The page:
Friday, March 18, 2011

The Joys and Sorrows of Chickens

We live in a very rural area on the Island of Hawaii. The land is heavily wooded and filled with plants of all kinds. It makes for beauty, but it can hide a dark side too.

Almost all the people in our area have chickens. Some just run wild and make you smile when you see them; others are kept in pens for their eggs, and a few may be kept for meat. Chickens are delightfully funny creatures and many are quite frankly beautiful.

I have a flock of eight hens and three roosters who run wild on midway to the back of our property and on the adjoining property. Here is a picture of the oldest rooster and a few of them hens.

I smile every morning when they come running and flying to great me as I head out to feed them. And they follow me back to the chicken pen area talking to me all the way. These are the joys of chickens.

But rural areas bring sorrows too. Here is a picture of the ten chicks that I brought home yesterday.

I settled them into my chicken pen which I had cleaned up and made ready for the new babies in every way that I could. I'd checked for spots that predators could get in and that babies might be able to get out of and they were all tight. Or so I thought.

About lunch time, Glenn went down to check for me while I fixed lunch because we heard one of the wild roosters. He came back with bad news: A mongoose had gotten into the pen and killed one of the babies. Less than an hour since I'd left them and I'd lost one. I went back down and rechecked for problem areas. I came back an hour later and all was well.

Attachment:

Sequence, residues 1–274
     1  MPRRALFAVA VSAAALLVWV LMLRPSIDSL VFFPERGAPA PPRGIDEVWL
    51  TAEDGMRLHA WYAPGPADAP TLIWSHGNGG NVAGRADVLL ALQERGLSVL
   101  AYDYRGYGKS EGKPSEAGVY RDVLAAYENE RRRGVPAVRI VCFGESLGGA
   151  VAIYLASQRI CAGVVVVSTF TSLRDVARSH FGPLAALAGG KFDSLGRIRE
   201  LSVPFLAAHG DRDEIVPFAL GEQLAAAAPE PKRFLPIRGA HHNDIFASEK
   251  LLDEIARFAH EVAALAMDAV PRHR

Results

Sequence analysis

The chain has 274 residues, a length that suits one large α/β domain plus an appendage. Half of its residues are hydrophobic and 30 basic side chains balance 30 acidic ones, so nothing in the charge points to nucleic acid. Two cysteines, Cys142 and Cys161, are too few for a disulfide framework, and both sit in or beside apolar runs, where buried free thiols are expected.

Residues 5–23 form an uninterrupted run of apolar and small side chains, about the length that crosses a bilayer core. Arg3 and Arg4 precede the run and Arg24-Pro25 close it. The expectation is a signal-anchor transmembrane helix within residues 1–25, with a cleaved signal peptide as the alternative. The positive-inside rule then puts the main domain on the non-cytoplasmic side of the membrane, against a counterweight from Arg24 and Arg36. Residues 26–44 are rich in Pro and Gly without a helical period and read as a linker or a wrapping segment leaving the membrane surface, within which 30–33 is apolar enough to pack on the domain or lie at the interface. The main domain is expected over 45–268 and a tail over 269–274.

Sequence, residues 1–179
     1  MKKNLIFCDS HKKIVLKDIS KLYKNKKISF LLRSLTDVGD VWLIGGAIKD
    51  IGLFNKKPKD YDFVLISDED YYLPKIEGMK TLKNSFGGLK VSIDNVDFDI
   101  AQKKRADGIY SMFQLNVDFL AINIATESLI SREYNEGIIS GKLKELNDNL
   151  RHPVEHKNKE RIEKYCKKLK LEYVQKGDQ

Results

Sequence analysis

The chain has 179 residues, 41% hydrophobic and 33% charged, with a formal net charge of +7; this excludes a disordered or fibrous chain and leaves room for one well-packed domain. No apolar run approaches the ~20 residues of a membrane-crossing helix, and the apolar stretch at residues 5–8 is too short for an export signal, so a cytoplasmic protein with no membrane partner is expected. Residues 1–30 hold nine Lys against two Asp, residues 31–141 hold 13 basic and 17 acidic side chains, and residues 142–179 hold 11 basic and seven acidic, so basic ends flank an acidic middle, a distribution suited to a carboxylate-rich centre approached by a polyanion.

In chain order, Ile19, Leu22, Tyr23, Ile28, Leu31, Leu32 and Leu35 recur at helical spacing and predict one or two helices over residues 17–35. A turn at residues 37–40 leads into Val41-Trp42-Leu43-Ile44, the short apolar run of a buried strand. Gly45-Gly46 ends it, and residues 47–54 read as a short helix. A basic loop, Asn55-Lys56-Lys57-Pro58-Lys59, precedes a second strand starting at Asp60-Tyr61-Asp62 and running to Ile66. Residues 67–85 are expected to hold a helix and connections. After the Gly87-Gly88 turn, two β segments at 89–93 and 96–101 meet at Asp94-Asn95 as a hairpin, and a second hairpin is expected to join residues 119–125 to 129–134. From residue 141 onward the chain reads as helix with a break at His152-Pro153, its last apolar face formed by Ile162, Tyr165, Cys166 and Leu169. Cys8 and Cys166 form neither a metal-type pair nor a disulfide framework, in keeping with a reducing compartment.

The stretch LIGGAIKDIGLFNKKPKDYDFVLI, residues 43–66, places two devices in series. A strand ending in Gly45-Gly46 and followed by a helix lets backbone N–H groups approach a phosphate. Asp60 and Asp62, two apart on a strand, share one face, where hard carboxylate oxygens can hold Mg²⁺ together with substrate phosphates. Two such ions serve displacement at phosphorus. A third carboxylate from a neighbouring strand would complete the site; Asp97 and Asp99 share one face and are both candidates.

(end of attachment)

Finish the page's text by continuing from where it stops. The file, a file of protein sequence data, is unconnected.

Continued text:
But while I was with Keanani at her obedience class the menace struck again. Again Glenn went to check on the chicks and again, he found carnage. He came back from the pen just as I got home from the obedience class. I couldn't leave the babies in the pen. It was like I'd put them in a killing field. I gathered up my survivors and brought them up to our house. I put them in a dog crate and the crate in a storage room.

This morning, my five remaining chicks went back to Hilo Coffee Mill where they will be safe for now. My good friends there have banded my girls and they will keep them while we build a new chicken area closer to the house where my dogs can keep the mongoose at bay and protect the chickens.

Mongoose are a monster predator in a small body. For those of you who have never seen one, think weasel. They are vicious and clever and death to birds and eggs. And we have lots of them. They are one of the not good decisions by the sugar cane industry in Hawaii's past. We can't eliminate them, so we will need to build more protection and try again.

Death is part of living on a farm even if your farm means only chickens and plants. But it is never easy and the last twenty-four hours have not been.

1 comment:

  1. Oh gosh what a bummer. I am so thankful I can have my chickens in the same pasture as the Pyrenees... I can "enjoy" coyotes going by in the adjacent farm field - or gaze at the eagles going over.. since I know they are on their way to easier pickings than my place.